Taylor City Attorney, Ted Hejl, misleads the City Council on conflict of interest.
By Tom Mowdy
Taylor, TX., November 16, 2016 -- The Taylor City Attorney, Ted Hejl, orchestrated a “conflict of interest” presentation to the City Council at the Thursday, November 10, 2016, City Council meeting. As can be expected from Ted Hejl, the presentation gave false information and was obviously designed to mislead the City Council and Taylor Citizens.
Hejl began his misdirection, at 1:08 in the item 7 video, with the illusion that The Texas Attorney General (TAG) does not give opinions on matters concerning city charters and the issue at hand. That misrepresentation was not clarified by Hejl’s “expert” who gave most of Hejl’s presentation.
TAG does provide opinions on Texas city charters if the question involves Federal or Texas State laws. What they won’t do is interpret the meaning of wording in a charter. The facts of what TAG will do and won’t do on city charter opinions are explained by TAG and contained in TAG opinion GA-0356.
The GA-0356 opinion was published on September 12, 2005, and was about a Texas city charter. A more recent opinion, KP-0026, was published on July 13, 2015. Both of those TAG opinions involve Texas city charters. TAG has been giving opinions on city charters for years and that documented work is readily available to citizens and the Taylor City Attorney.
As the presentation progressed, it was all about how a Texas Law could be used to abrogate, or abolish, a provision of the Taylor City Charter. So, it would seem very relevant for Mr. Hejl to discuss the detail of what opinions TAG would provide on city charters. He apparently did not want that to be clearly understood, or questioned, so he did not provide that information.
Under Texas “Home Rule” provisions, Taylor citizens created, voted on, and approved the Taylor City Charter. The Charter contains Section 4.2 which defines qualifications for City Councilmembers. One of those qualifications is an absolute prohibition against a substantial business conflict of interest as defined “under the laws of the State of Texas.”
Very important to note that the Taylor Charter Section 4.2 Qualifications provision refers to State Law. That means the voters were mindful of all Texas laws regarding conflict of interest when they included the prohibition.
Section 4.2 disqualifies and requires a Councilmember to vacate the office if the Councilmember has a substantial business entity conflict of interest with the city. A less than substantial, as defined by State law, conflict of interest is allowed.
Certainly, when Taylor citizens voted to establish a restrictive conflict of interest qualification for City Councilmembers they did not intend that restriction could be immediately overcome by referral to State law through another section of the Charter.
The Taylor City Charter does not contain any explicit provisions allowing a Councilmember to violate or abrogate the Elective Officers Section 4.2 qualifications.
Section 10, CONTRACTS, includes provisions for “any” conflict of interests for contracts, which can include other than business related, such as zoning, and applies to City employees and officers. Section 10 has nothing to do with controlling or excusing Councilmember prerequisite qualifications.
However, the Taylor City Attorney, claims that despite the Texas “Home Rule” laws which allow cities to create a city charter restricting or prohibiting conflict of interest, that a State Law can be used to abrogate the required qualifications for a City Councilmember. So, according to the City Attorney, the issue involves a question of State Law.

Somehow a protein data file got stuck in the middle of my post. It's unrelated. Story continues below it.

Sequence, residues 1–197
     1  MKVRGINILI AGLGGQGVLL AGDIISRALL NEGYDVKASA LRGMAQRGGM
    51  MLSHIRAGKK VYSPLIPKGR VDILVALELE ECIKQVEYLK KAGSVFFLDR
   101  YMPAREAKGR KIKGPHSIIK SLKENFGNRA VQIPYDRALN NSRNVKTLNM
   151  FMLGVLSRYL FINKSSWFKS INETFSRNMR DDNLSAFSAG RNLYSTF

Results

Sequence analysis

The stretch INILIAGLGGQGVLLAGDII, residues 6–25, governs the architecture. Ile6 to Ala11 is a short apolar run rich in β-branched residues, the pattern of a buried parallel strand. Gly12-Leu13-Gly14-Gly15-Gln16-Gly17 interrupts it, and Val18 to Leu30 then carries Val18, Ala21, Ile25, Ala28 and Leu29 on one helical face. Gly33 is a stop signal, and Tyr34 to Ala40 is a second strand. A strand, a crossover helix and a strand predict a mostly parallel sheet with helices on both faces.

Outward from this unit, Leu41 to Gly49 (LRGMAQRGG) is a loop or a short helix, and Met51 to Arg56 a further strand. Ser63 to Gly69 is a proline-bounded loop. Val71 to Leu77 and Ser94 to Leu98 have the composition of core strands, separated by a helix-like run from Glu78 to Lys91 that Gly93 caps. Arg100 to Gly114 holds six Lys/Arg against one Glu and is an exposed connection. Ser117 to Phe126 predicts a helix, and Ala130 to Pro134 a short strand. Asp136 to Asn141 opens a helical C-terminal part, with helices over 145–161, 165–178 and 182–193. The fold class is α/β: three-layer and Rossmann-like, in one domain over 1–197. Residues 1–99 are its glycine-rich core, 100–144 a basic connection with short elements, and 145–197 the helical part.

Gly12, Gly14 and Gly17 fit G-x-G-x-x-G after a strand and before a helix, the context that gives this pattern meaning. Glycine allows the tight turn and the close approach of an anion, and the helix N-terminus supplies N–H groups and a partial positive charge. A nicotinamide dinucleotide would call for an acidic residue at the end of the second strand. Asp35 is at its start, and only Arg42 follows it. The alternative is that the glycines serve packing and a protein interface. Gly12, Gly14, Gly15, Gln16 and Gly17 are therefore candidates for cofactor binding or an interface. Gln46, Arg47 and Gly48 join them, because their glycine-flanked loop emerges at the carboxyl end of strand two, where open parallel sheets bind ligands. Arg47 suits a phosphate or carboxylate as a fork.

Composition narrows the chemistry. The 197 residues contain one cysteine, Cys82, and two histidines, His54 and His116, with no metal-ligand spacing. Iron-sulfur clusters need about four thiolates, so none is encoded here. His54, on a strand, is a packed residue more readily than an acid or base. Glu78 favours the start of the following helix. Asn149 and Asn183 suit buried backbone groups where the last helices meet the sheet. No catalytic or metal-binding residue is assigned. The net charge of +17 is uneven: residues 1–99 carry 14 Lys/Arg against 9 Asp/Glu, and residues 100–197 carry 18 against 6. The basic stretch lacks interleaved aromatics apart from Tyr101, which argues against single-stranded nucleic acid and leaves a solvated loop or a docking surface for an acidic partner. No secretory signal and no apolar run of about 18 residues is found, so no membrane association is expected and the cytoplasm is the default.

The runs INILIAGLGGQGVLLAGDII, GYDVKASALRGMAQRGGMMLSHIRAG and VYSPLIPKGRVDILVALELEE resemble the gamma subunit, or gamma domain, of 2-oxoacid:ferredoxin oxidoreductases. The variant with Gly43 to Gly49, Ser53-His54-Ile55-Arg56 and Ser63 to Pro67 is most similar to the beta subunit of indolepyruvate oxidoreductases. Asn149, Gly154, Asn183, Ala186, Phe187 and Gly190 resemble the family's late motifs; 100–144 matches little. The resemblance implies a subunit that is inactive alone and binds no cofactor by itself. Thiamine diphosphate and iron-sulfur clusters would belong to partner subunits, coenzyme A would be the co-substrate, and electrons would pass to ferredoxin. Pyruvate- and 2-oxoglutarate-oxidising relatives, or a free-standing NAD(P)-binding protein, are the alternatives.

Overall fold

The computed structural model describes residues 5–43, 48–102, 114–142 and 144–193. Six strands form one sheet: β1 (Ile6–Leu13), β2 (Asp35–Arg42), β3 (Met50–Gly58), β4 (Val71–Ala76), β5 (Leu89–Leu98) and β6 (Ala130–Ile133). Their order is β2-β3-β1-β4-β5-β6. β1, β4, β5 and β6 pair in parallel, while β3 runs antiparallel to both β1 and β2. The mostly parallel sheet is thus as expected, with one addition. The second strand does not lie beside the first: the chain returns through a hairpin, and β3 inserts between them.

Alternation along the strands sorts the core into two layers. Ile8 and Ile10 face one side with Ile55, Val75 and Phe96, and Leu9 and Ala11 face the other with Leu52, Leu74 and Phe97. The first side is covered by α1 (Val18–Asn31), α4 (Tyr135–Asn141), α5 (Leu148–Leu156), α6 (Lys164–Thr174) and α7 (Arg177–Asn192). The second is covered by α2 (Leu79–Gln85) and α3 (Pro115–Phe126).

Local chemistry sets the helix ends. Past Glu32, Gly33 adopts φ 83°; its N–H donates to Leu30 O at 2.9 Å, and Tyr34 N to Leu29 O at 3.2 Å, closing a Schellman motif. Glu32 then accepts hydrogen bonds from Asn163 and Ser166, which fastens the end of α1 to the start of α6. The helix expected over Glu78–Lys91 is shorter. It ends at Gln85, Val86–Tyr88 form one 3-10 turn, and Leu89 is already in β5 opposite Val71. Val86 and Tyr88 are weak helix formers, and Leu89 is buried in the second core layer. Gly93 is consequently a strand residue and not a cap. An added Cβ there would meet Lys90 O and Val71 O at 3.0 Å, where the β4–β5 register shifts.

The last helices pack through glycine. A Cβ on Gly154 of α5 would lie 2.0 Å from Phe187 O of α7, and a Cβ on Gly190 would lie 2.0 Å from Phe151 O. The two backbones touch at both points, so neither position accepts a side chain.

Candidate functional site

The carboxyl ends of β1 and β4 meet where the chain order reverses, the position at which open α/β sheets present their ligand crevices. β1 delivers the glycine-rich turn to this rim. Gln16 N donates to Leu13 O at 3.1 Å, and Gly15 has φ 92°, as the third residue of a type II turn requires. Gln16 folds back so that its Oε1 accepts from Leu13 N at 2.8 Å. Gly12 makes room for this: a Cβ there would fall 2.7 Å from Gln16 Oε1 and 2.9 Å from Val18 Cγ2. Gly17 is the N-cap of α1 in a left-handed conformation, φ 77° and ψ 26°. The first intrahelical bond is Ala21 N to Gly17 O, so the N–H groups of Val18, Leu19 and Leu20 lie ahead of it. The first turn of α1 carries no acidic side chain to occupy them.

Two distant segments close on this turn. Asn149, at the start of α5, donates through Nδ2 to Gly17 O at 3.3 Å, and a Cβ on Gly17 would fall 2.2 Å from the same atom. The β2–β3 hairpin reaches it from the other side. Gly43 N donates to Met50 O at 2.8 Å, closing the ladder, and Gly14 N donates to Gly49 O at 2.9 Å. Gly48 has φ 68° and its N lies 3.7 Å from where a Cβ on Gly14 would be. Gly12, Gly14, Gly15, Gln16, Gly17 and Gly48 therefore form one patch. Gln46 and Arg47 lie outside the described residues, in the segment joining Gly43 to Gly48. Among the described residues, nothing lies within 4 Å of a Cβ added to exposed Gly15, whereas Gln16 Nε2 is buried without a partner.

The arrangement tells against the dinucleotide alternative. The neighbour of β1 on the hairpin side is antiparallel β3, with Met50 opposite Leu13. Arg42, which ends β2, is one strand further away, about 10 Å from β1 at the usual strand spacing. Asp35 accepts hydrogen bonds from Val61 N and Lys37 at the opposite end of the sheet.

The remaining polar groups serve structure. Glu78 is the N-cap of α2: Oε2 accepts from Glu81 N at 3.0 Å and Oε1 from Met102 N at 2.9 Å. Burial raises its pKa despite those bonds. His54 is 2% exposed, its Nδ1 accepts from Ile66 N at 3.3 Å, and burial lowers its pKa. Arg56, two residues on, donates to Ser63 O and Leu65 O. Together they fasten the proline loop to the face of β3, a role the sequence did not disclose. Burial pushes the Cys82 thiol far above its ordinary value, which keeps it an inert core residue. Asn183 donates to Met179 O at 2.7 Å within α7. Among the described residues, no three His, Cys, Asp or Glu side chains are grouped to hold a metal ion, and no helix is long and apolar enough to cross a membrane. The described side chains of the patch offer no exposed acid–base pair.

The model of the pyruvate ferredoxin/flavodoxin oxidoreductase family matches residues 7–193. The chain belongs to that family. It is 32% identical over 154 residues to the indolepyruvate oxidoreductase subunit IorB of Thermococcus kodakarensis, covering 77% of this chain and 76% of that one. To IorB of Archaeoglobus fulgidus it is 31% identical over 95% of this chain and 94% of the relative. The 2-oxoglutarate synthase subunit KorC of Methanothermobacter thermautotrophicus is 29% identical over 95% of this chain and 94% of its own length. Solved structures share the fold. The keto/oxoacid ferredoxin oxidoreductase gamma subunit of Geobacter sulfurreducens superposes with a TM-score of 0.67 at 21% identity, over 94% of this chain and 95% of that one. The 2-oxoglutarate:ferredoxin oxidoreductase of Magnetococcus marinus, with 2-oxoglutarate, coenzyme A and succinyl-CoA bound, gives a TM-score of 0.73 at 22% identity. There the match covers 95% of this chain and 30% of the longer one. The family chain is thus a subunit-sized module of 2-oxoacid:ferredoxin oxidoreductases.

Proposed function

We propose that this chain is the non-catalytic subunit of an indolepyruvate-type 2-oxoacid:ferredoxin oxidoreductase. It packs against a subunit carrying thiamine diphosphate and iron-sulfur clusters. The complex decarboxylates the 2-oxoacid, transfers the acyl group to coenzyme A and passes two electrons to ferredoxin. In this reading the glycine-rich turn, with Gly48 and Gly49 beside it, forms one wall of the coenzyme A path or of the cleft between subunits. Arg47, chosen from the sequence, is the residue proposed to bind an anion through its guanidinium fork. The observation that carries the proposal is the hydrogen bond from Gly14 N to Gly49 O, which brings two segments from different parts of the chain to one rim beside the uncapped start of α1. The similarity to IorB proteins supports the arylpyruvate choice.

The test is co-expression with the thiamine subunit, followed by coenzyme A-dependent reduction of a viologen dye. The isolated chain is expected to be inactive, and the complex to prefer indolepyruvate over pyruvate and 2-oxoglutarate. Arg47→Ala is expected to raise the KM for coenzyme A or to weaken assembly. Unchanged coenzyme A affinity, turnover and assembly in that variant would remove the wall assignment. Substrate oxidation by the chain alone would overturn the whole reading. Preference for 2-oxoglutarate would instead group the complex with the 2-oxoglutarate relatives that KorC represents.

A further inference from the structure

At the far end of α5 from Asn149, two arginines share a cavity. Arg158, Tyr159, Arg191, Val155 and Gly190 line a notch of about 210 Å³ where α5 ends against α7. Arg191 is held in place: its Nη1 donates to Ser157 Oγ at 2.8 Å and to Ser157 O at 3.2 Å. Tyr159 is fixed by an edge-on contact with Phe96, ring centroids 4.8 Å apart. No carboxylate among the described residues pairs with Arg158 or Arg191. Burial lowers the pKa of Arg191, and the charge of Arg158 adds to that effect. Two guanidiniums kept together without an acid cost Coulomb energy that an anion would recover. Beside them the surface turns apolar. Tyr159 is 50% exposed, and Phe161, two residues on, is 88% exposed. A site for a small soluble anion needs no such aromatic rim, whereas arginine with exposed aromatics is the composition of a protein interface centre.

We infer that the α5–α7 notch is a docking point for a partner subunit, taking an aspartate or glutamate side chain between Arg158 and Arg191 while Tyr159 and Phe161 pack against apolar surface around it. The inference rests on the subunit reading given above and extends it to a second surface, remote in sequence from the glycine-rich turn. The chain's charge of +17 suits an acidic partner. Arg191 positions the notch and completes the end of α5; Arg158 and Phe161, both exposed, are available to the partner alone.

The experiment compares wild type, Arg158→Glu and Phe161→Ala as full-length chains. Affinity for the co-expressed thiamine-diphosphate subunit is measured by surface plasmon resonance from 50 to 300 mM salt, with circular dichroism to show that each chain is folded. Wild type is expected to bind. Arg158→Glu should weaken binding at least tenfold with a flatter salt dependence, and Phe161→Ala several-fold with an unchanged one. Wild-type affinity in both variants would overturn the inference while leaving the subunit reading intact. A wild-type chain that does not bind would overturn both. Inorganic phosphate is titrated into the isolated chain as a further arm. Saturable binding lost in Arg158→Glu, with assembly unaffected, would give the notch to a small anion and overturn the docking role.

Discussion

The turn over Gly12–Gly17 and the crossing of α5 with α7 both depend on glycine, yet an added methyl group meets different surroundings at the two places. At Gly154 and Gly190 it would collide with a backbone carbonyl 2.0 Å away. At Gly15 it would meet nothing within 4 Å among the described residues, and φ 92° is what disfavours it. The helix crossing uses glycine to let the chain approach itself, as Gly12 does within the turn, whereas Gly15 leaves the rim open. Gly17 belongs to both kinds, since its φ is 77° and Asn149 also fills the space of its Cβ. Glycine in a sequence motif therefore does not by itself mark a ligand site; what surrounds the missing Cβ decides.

Specifically, Ted Hejl claims that through Section 10, CONTRACTS, of the City Charter, Texas Local Government Code (TLGC), Section 171.004 would allow a Taylor City Councilmember to avoid compliance with the Section 4.2 Councilmember qualification requirement by signing an affidavit, declaring the conflict of interest, and then recusing themselves from any votes involving the substantial business entity conflict of interest.
Note, in the conflict of interest presentation, at time mark 8:43 on item 7, Hejl’s expert states a charter cannot contradict State law, but, can be more stringent. Then at 29:05, he claims the Section 10 CONTRACTS, can abrogate the more stringent City Charter qualification prerequisites for City Councilmembers. These are conflicting positions.
The expert doesn’t explain how a person can become a City Council member and eligible to consider a contract, under Section 10, when that individual doesn’t meet the qualifications to be a City Councilmember.
So, the real issue is can a Taylor City Councilmember use, or anticipate using State law, TLGC, Section 171.004, the affidavit and recusal as described in the presentation, to abrogate the Taylor City Charter, Section 4.2, Councilmember conflict of interest qualification requirement?
It makes one wonder why even have the charter provision requiring a Councilmember to vacate the office if that Councilmember can waive, or abrogate, the qualifications necessary to be a Councilmember by signing an affidavit?
A former Mayor, Rod Hortenstine, was told by the City Attorney he had to resign due to such conflict of interest, Mayor Hortenstine resigned “immediately,” as required by the Taylor Charter provisions. He stated he did not want to resign, so why didn’t he just sign an affidavit? Or, maybe Ted Hejl has reasons for saying something different now?
The answer is the Councilmember qualifications and contract sections of the Taylor City Charter are two different sections and trying to mix them is deception in an attempt to control council positions.